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when to quit your job

In a recent meeting of HR Managers, we discussed the top 5 reasons why employees are resigning, based on our exit interviews. So here are the collated top 5 reasons why employees resign, in our case, those holding critical positions.

  1. There is an opportunity abroad
  2. They were offered a job that is a notch higher from their present job
  3. Bad relationships (boss and co-workers)
  4. Too much stress
  5. Better pay

We tried to benchmark our findings with similar industry, the closest we can compare with is the top 10 reasons below, according to Susan Heathfield:

  1. Your company is experiencing a downward spiral.
  2. Your relationship with your manager is damaged beyond repair.
  3. Your life situation has changed.
  4. Your values are at odds with the corporate culture.
  5. You’ve stopped having fun and enjoying your job.
  6. Your company is ethically challenged.
  7. For whatever reason, you have behaved in ways that are considered improper at work.
  8. You’ve burned your bridges with your coworkers.
  9. Your stress level is so high at work that it is affecting your physical or mental health and your relationships with your friends and family.
  10. And the top ten reason to quit your job? You are unchallenged, need more responsibility, and seek opportunities that just don’t exist for you in your current organisation. You’ve explored the current and potential options, and they are limited. It’s time to quit your job.

Feel free to read the expanded version at about.com.

Likewise, this article written by Darwin for  HR Philippines blog longtime ago, speaks of another dimension on why employee still resigns, despite of HR efforts.

Here is something I have got thru my network. I believe that people like us involved in HR particularly sourcing and recruitment would get a better understanding after reading the article below regarding the undesired attritions in our respective companies. – Darwin B. Rivers




Every company faces the problem of people leaving the company for better pay or profile. Early this year, Mark, a senior software designer, got an offer from a prestigious international firm to work in its India operations developing specialised software. He was thrilled by the offer. He had heard a lot about the CEO. The salary was great. The company had all the right systems in place employee-friendly human resources (HR) policies, a spanking new office, and the very best technology, even a canteen that served superb food. Twice Mark was sent abroad for training. “My learning curve is the sharpest it’s ever been,” he said soon after he joined. Last week, less than eight months after he joined, Mark walked out of the job. Why did this talented employee leave ?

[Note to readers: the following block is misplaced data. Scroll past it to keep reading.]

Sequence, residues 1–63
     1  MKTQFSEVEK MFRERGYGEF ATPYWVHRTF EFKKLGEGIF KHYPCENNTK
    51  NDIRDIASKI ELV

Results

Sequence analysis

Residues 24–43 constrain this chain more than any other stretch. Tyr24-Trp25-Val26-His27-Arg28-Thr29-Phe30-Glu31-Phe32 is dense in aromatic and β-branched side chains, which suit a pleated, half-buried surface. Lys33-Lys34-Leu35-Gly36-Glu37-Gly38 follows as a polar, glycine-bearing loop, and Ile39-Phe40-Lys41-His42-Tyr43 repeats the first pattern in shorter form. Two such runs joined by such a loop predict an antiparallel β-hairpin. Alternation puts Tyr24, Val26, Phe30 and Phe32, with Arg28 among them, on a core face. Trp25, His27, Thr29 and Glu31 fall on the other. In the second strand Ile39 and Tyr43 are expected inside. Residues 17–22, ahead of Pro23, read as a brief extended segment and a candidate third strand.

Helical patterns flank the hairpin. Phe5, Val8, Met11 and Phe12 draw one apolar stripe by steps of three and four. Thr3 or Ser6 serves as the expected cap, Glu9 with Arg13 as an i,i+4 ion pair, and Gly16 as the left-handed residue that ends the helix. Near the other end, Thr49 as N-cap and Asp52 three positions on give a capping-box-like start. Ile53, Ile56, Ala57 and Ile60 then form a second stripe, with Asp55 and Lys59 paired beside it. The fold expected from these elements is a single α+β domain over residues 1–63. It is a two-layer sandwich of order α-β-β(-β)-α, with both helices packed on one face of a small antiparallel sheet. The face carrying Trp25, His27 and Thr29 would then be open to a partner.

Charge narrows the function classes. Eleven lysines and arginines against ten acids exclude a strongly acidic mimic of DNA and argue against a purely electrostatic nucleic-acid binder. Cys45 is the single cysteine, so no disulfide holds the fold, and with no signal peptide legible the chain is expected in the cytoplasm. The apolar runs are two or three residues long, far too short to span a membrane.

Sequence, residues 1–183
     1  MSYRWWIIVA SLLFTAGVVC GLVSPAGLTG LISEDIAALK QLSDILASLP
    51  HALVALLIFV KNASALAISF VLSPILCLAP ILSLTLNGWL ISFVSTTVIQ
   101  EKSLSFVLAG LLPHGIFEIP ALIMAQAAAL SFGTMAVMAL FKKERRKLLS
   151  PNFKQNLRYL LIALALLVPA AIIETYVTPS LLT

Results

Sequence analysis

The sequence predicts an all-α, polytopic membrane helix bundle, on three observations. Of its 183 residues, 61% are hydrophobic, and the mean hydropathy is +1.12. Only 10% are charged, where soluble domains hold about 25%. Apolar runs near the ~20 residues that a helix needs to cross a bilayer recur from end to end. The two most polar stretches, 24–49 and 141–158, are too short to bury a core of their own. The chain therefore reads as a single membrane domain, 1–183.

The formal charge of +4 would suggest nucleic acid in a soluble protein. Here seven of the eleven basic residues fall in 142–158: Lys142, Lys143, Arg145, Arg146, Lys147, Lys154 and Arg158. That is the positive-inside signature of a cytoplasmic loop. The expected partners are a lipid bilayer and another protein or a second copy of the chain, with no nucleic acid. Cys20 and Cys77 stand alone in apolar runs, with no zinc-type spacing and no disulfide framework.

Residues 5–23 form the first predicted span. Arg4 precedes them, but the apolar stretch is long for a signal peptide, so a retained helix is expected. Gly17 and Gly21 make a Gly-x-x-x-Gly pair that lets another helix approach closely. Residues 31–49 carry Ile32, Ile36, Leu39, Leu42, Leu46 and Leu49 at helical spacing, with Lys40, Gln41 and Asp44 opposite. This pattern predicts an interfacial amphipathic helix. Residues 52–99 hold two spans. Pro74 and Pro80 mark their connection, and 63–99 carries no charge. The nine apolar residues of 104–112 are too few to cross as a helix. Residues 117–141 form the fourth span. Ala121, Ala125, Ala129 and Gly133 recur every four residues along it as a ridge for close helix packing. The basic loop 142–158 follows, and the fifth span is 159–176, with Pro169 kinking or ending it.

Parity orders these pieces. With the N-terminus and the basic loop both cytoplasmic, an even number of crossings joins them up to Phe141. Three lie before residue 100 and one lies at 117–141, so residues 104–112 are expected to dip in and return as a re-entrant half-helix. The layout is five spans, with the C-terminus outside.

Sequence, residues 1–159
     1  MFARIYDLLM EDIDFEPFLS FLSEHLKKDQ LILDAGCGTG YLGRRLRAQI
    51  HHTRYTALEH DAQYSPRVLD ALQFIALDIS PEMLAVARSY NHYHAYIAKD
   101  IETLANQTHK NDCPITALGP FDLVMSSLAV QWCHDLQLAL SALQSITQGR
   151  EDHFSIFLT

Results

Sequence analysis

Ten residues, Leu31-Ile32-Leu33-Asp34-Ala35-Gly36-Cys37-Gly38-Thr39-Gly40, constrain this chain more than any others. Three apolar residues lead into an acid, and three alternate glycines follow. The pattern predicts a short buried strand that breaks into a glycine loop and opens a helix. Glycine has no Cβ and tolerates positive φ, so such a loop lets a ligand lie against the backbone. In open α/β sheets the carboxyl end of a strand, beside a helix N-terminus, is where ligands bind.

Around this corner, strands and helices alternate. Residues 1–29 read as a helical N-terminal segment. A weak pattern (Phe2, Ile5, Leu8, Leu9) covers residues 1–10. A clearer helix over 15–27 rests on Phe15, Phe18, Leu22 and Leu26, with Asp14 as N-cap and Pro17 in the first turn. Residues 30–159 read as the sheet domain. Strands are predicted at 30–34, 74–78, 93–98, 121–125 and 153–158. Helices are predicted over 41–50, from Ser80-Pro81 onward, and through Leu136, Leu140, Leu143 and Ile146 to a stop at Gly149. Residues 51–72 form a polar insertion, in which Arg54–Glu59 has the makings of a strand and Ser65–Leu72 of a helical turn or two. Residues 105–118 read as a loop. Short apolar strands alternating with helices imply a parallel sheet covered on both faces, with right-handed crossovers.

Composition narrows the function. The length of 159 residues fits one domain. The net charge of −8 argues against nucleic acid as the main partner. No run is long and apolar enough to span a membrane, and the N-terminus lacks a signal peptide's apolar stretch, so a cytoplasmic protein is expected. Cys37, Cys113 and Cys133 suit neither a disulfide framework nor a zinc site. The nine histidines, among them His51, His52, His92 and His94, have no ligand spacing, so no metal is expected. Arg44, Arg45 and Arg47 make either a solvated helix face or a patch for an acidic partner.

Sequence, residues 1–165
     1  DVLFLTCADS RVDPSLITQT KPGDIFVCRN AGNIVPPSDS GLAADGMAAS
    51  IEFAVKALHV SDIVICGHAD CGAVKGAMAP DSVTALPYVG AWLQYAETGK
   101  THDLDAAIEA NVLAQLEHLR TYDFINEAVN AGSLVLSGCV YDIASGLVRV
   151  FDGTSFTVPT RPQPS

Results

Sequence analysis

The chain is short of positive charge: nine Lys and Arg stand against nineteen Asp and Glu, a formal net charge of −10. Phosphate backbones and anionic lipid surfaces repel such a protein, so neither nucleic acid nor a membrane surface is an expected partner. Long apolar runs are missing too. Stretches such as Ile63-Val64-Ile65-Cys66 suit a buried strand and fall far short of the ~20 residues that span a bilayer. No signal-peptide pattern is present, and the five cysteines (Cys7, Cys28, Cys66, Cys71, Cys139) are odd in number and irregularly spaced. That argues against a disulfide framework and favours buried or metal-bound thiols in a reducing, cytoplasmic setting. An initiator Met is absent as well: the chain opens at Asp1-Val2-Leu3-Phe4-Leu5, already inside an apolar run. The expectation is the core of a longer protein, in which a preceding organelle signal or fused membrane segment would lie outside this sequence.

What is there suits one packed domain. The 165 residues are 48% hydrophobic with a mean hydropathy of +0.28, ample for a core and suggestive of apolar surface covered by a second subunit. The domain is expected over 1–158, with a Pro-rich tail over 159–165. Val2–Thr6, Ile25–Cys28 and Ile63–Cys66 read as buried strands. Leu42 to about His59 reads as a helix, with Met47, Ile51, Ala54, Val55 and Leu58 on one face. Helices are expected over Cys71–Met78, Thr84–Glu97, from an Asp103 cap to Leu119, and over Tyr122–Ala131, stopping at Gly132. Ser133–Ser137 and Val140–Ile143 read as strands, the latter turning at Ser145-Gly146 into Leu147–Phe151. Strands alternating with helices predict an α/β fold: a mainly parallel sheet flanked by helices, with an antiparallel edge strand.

Arun quit for the same reason that drives many good people away. The answer lies in one of the largest studies undertaken by the Gallup Organisation. The study surveyed over a million employees and 80,000 managers and was published in a book called “First Break All The Rules”. It came up with this surprising finding: If you’re losing good people, look to their manager …. manager is the reason people stay and thrive in an organisation. And he ‘s the reason why people leave. When people leave they take knowledge, experience and contacts with them, straight to the competition. “People leave managers not companies ,” write the authors Marcus Buckingham and Curt Coffman. Mostly manager drives people away? HR experts say that of all the abuses, employees find humiliation the most intolerable. The first time, an employee may not leave, but a thought has been planted. The second time, that thought gets strengthened. The third time, he looks for another job. When people cannot retort openly in anger, they do so by passive aggression. By digging their heels in and slowing down. By doing only what they are told to do and no more. By omitting to give the boss crucial information. Dev says: “If you work for a jerk, you basically want to get him into trouble. You don ‘t have your heart and soul in the job.” Different managers can stress out employees in different ways – by being too controlling, too suspicious, too pushy, too critical, but they forget that workers are not fixed assets, they are free agents. When this goes on too long, an employee will quit – often over a trivial issue. Talented men leave. Dead wood doesn’t.



Do you find the reasons reflective of your organisations turn-over situation?

Feel free to add more reasons, perhaps with these info, HR will be able to formulate a program to keep employees engaged.



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